"No2EU": Tensions in Scotland

Submitted by martin on 22 April, 2009 - 11:07 Author: Dale Street

In Scotland No2EU is backed not only by the Communist Party of Britain (CPB, the “Morning Star” faction of British Stalinism) but also by “Solidarity Scotland” (launched after its core membership split from the Scottish Socialist Party in 2006).

Despite a scattering of branches round Scotland, “Solidarity Scotland” is more a flag of convenience than a cohesive political movement. The two socialist organisations which still support it, on paper at least, are the Socialist Party (SP) and the Socialist Workers Party (SWP).

Unlike the SP, however, the SWP does not currently support No2EU. This must ratchet up the internal tensions between the SP and the SWP in the rump “Solidarity Scotland” still further.

But the enthusiasm of “Solidarity Scotland” for No2EU is rather less than whole-hearted. The National Steering Committee meeting which agreed to back No2EU also criticised the name of the electoral initiative, the lack of any element of Scottish autonomy, and the policy that any successful candidate would not take their seat in the Euro-Parliament.

The SP and “Solidarity Scotland” will probably try to “recalibrate” the politics of the campaign in areas where they have enough local influence to do so and that will cause tension within No2EU, particuarly with the CPB.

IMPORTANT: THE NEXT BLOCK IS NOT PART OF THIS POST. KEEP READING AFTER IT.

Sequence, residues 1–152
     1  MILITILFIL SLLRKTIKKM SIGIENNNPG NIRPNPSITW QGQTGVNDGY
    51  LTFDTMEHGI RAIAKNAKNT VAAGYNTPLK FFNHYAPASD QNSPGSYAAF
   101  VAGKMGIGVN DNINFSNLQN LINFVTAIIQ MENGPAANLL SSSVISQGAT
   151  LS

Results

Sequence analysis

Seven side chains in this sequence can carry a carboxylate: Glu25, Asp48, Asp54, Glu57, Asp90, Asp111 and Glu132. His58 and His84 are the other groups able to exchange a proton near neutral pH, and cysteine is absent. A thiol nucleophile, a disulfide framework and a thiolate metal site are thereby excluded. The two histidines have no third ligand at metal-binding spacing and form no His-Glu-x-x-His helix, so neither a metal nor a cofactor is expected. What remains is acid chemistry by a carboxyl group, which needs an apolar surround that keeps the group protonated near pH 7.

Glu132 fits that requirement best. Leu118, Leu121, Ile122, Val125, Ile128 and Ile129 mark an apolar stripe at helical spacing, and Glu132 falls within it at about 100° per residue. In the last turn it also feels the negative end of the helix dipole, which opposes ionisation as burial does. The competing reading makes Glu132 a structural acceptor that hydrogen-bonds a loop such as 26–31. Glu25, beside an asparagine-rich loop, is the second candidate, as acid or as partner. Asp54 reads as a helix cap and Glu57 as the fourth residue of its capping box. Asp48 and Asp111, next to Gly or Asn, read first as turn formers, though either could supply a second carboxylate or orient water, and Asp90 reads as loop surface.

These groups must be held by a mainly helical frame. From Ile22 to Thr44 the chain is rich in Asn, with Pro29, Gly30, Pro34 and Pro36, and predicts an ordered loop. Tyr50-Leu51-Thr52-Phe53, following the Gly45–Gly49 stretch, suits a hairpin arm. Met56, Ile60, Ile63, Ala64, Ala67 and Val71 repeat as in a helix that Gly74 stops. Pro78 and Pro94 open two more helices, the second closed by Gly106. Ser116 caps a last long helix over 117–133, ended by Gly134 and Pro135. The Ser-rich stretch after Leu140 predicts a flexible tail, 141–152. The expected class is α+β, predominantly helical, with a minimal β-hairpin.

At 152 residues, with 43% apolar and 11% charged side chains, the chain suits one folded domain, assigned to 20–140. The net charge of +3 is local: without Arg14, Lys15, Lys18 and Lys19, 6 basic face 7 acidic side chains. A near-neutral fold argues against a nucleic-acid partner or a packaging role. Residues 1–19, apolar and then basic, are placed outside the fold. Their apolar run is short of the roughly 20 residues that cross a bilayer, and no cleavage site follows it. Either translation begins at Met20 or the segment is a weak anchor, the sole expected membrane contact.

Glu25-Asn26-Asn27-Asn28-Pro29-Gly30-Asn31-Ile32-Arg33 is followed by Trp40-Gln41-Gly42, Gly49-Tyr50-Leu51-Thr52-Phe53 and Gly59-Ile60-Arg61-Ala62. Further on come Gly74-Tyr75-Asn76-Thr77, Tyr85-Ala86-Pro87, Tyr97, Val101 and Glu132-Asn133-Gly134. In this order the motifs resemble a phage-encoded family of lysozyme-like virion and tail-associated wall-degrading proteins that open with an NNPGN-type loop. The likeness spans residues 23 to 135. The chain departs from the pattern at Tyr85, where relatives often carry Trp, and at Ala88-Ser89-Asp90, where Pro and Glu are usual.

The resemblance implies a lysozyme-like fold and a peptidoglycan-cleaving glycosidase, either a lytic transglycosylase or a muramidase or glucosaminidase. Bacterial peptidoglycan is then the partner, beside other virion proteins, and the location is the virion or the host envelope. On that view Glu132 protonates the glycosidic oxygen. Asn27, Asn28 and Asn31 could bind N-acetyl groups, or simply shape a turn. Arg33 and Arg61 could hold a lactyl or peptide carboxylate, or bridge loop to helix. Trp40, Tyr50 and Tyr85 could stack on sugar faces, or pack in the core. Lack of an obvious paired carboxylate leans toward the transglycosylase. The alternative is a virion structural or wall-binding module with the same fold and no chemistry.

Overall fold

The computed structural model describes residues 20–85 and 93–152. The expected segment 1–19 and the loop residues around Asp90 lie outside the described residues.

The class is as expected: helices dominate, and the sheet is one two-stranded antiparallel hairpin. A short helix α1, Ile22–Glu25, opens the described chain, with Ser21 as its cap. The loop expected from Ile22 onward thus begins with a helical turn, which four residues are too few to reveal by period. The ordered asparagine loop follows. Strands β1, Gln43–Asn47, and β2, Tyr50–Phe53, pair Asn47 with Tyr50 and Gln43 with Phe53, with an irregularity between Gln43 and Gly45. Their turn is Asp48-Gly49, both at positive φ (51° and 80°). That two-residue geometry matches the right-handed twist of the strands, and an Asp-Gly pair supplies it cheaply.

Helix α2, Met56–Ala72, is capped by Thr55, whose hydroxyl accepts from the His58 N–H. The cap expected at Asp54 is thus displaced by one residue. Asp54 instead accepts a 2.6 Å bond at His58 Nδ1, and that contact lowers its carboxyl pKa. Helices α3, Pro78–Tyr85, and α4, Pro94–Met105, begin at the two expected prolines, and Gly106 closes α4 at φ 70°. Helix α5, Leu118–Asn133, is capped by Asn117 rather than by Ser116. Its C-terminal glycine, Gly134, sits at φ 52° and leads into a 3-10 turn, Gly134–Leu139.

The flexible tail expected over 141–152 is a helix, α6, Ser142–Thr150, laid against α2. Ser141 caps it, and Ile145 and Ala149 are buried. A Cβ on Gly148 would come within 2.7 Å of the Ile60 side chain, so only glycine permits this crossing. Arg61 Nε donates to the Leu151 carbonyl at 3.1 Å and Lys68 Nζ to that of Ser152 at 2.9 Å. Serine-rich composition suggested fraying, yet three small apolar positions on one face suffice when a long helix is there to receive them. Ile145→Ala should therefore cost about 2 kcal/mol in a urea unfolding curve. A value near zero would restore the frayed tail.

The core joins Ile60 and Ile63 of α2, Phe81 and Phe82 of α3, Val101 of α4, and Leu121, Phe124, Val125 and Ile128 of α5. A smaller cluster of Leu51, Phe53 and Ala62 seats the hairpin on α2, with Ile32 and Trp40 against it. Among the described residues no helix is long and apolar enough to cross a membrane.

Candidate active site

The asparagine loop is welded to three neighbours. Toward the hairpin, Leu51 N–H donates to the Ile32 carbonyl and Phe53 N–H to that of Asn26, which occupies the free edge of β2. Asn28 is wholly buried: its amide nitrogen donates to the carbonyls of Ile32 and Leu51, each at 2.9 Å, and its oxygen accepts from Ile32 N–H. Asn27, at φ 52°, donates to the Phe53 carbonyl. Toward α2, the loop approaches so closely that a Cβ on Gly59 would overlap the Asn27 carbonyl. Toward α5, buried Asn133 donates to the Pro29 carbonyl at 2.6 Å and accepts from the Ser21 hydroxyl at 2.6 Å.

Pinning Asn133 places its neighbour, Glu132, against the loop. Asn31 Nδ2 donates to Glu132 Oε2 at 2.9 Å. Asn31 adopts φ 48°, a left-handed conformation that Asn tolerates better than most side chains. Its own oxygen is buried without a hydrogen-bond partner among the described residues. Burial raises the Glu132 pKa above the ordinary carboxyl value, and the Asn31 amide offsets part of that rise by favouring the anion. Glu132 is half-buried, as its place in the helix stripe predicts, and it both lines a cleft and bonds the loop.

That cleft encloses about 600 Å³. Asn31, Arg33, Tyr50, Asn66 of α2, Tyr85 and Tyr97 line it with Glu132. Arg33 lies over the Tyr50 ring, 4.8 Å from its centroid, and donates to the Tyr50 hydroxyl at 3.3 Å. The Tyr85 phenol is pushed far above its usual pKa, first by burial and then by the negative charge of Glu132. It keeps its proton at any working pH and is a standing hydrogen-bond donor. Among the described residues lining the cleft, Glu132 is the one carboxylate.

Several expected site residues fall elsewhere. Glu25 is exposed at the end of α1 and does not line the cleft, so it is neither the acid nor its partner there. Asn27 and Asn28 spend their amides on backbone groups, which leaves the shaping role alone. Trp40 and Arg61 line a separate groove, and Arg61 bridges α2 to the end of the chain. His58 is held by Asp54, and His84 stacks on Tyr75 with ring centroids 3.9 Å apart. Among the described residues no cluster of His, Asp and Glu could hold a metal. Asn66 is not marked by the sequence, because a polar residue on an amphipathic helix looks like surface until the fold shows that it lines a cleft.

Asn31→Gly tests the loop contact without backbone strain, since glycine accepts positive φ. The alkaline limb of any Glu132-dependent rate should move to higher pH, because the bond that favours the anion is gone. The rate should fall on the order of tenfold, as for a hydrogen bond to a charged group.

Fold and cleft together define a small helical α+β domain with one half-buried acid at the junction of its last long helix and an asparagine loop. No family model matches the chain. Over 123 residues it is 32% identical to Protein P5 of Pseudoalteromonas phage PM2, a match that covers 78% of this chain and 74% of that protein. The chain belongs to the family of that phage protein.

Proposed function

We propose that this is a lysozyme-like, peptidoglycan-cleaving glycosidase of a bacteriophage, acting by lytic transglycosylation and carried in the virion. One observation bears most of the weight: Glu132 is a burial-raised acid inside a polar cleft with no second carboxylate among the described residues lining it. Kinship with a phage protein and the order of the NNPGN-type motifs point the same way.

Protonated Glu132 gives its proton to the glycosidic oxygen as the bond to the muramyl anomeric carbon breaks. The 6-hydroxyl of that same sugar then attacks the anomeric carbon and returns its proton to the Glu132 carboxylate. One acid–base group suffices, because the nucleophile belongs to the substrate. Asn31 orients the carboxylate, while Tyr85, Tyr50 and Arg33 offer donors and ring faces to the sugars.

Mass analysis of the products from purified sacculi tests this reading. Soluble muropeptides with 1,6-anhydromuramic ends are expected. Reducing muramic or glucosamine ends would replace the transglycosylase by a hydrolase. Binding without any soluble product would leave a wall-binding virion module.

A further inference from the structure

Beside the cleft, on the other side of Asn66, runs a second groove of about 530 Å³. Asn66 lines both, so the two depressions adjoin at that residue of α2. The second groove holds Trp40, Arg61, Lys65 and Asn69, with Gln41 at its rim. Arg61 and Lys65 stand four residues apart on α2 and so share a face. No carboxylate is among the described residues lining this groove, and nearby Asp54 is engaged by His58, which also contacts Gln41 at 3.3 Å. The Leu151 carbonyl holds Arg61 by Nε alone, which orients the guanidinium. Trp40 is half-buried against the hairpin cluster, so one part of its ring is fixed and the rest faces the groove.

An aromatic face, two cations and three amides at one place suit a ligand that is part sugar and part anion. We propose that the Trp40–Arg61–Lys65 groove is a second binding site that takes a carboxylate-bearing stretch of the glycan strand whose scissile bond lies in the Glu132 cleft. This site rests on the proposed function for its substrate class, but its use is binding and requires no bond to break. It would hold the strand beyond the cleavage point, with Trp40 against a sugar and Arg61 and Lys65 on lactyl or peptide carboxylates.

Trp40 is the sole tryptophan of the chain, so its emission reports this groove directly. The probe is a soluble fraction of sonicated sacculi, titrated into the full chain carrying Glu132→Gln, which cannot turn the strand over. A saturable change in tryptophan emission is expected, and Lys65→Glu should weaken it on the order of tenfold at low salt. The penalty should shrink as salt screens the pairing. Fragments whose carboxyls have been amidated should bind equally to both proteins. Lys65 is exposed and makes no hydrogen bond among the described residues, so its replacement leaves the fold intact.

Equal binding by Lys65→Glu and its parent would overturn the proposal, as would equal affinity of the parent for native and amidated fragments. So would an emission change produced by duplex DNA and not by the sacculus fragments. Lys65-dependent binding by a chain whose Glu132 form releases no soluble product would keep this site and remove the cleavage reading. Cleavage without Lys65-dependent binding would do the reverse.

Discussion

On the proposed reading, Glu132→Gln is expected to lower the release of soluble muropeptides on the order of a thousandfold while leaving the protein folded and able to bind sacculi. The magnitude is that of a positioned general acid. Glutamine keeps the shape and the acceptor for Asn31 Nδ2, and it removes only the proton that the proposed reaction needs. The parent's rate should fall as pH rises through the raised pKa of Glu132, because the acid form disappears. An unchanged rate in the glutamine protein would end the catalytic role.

The top three candidates on the No2EU list for Scotland are John Foster, Tommy Sheridan, and Leah Ganley, a member of “Solidarity Scotland” in Dundee.

Coupling John Foster and Tommy Sheridan as numbers one and two on the No2EU Scottish list is a further demonstration of extent to which No2EU in Scotland is rotten to the core.

Foster is a long-standing Stalinist hardliner. Whatever countries Soviet tanks rolled into in order to crush working-class unrest and pro-democracy movements, there too the spirit of John Foster went with them. Sheridan, on the other hand, claims to come from a Trotskyist background. The two of them do, however, share an idolising admiration for Cuba.

It is Sheridan at number two rather than Foster at number one with whom No2EU will be associated in the public eye. This is something which the CPB in Scotland — and, apparently, Foster in particular – were anxious to avoid.

Even the basic question of whether the SP and “Solidarity Scotland” really have any genuine commitment to No2EU is open to debate.

Arguably, the calculation of the SP and “Solidarity Scotland” is that participation in No2EU allows them to: resurrect the ghost of Tommy Sheridan; participate and stand candidates in an election which they would otherwise not have the resources to contest; break into the CPB milieu in the trade unions; and spin out the fantasy that No2EU can provide the basis for “further projects for the Westminster elections with leading trade unionists in Scotland.”

The Euro-elections will expose the tragedy of the sorry state of the Scottish left: still debilitated by the 2006 split in the Scottish Socialist Party, too mutually hostile to each other to promote a joint electoral initiative, and too politically disoriented to draw up a genuinely socialist-internationalist manifesto for the Euro-elections.

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